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curiosity regarding int ?

 
naved momin
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i have checked java's int's max value using

abd when you counts its digit its 10 but when you write or assign a value to a int variable it only allow you to assign 9 digit value , i guess this is to prevent us from arithmetic overflow, does it ?
 
Campbell Ritchie
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No, you can write an int literal up to 10 digits. And it does not prevent overflow. You can use any decimal number between 0 and 2147483648 inclusive, and (apart from 0) they are all positive. What can you do with the largest value? I shall let the Java Language Specification answer that.
 
Winston Gutkowski
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Campbell Ritchie wrote:No, you can write an int literal up to 10 digits. And it does not prevent overflow. You can use any decimal number between 0 and 2147483648 inclusive, and (apart from 0) they are all positive.

Actually, you can use any value from -2147483648 to 2147483647, and (apart from 0) slightly more than half of them are negative.

Winston
 
Campbell Ritchie
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That’s what everybody thinks, but if you look in the JLS link I posted earlier, you find the minus sign never forms part of an integer literal. The grammar mentions 0 1 2 3 4 5 6 7 8 9 (and now it’s Java7, _). No - anywhere. What’s more, if you wind down to the bit about floating-point, the only place - appears is after e in a number like 123.45e-67.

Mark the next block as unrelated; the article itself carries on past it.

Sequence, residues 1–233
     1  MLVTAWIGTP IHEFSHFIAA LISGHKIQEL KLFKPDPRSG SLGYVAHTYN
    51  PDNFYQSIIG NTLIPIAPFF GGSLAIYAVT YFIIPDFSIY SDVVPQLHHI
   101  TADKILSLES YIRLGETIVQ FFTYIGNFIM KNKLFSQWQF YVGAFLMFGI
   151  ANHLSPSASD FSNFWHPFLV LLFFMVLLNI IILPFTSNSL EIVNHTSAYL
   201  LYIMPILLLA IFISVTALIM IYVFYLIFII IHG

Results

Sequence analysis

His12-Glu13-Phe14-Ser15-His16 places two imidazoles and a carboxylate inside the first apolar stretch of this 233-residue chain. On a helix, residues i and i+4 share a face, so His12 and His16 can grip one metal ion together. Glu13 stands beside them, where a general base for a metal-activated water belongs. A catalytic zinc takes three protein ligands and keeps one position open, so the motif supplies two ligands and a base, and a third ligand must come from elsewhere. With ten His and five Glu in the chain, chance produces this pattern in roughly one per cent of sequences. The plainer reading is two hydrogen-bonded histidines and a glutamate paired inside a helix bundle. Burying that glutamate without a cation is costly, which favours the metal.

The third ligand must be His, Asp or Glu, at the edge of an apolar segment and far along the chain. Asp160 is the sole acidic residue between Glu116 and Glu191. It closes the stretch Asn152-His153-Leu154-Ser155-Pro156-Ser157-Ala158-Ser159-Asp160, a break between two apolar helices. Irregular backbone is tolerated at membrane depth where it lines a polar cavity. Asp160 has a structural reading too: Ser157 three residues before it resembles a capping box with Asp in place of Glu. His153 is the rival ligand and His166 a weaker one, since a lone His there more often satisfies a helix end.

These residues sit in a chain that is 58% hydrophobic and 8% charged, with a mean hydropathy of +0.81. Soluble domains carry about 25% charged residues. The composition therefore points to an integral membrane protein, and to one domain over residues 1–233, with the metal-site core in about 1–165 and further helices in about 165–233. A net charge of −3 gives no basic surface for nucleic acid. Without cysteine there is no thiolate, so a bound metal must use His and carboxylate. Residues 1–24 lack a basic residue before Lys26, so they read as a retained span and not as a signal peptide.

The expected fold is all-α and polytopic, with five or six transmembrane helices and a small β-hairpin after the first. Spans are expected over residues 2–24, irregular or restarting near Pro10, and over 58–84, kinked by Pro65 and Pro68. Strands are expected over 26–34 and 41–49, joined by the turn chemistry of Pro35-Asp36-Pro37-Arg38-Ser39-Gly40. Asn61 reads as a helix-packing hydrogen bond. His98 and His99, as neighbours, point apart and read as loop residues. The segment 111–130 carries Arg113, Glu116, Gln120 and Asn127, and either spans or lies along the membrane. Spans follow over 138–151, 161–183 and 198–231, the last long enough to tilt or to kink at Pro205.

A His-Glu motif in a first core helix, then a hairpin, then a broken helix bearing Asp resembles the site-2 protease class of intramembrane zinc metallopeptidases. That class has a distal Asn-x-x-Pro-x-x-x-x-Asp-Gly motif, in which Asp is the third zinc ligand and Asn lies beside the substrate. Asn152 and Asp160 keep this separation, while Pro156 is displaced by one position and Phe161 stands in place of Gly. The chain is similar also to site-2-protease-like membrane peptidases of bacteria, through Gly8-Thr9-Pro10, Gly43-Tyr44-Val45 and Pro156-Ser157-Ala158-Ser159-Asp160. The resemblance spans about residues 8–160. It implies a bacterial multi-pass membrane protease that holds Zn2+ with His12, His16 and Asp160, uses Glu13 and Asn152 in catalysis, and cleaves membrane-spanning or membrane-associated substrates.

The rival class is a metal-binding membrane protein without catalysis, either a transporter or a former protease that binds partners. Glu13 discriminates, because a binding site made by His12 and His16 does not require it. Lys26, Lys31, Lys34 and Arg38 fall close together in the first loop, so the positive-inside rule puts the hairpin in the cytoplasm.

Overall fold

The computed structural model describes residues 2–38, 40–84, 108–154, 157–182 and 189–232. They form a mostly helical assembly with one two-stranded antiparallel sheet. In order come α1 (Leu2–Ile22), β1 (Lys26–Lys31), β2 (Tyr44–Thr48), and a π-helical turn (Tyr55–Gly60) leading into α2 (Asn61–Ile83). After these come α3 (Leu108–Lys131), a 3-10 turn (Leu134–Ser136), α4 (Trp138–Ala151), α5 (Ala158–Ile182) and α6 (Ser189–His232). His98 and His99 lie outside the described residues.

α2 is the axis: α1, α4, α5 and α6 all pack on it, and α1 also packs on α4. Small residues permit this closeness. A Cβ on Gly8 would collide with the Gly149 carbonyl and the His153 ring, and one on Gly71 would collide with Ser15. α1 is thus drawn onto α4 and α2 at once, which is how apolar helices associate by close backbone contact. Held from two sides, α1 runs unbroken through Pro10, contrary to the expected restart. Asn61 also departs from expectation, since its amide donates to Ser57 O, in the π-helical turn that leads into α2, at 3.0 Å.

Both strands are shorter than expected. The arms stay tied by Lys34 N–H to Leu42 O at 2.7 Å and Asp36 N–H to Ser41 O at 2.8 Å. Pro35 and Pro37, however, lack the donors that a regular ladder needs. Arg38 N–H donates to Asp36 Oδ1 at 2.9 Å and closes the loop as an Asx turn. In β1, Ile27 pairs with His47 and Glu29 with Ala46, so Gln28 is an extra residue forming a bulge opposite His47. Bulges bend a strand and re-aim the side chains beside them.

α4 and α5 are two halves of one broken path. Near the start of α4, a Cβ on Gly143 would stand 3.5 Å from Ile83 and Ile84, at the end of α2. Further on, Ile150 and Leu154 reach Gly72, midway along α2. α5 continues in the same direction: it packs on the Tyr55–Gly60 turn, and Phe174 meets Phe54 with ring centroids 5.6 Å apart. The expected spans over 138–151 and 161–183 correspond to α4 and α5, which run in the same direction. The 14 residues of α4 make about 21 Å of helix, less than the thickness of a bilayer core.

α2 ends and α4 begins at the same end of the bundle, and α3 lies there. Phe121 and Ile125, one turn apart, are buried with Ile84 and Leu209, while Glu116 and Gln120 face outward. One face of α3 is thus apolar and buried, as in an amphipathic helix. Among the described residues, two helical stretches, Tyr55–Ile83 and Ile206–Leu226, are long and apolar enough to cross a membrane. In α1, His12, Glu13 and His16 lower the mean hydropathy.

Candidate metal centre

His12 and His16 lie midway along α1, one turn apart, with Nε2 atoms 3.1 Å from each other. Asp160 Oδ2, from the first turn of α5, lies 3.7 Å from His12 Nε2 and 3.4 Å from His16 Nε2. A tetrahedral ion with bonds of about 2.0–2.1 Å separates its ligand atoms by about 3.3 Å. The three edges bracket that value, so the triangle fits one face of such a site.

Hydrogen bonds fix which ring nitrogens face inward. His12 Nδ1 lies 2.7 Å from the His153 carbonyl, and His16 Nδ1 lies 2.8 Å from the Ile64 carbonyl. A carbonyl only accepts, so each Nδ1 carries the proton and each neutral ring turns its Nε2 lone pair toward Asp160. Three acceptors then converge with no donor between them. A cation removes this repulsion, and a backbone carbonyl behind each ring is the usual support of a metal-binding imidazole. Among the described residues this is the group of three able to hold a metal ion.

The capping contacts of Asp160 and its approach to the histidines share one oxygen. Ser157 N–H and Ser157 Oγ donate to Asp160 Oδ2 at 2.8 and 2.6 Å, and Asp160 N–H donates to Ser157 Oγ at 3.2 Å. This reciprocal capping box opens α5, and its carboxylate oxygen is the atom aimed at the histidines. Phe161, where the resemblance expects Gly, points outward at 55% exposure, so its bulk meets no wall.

When you write -123 you are not writing -123 but the positive number 123 immediately preceded by the sign-change/unary minus operator.

Even more confusingly binary (Java7 only) octal and hex literals are unsigned up to 0xffff_ffff (int) which represents -1decimal. So you can represent the actual bit values in a literal (octal, hex or binary), and (I think) display them converted to hex with the %x tag and printf.
 
Winston Gutkowski
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Campbell Ritchie wrote:That’s what everybody thinks, but if you look in the JLS link I posted earlier, you find the minus sign never forms part of an integer literal.

Interesting. However, I'm pretty sure I'm right that the upper limit is 2147483647 (although it could possibly be an Eclipse error).

Winston
 
naved momin
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Campbell Ritchie wrote:No, you can write an int literal up to 10 digits. And it does not prevent overflow. You can use any decimal number between 0 and 2147483648 inclusive, and (apart from 0) they are all positive. What can you do with the largest value? I shall let the Java Language Specification answer that.

Soory, but i tried one more time in netbeans and it is actually not allowing me to assign value more than 9 digits to a variable of type int.
 
Jeff Verdegan
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naved momin wrote:
Campbell Ritchie wrote:No, you can write an int literal up to 10 digits. And it does not prevent overflow. You can use any decimal number between 0 and 2147483648 inclusive, and (apart from 0) they are all positive. What can you do with the largest value? I shall let the Java Language Specification answer that.

Soory, but i tried one more time in netbeans and it is actually not allowing me to assign value more than 9 digits to a variable of type int.


If the int is between Integer.MIN_VALUE and Integer.MAX_VALUE, inclusive, it will let you. There must be something you're not telling us.